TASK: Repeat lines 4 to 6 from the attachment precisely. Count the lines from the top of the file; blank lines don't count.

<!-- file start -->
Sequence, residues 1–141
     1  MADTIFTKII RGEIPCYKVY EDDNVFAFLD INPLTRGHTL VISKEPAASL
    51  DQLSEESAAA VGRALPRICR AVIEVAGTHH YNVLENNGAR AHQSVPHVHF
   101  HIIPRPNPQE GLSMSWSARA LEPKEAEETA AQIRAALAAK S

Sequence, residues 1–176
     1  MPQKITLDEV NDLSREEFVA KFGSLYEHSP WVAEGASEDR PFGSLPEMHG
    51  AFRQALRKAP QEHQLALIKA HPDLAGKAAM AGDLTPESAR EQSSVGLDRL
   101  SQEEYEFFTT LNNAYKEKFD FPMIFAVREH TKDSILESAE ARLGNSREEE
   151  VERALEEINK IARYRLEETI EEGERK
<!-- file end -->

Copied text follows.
   101  HIIPRPNPQE GLSMSWSARA LEPKEAEETA AQIRAALAAK S

Sequence, residues 1–176
     1  MPQKITLDEV NDLSREEFVA KFGSLYEHSP WVAEGASEDR PFGSLPEMHG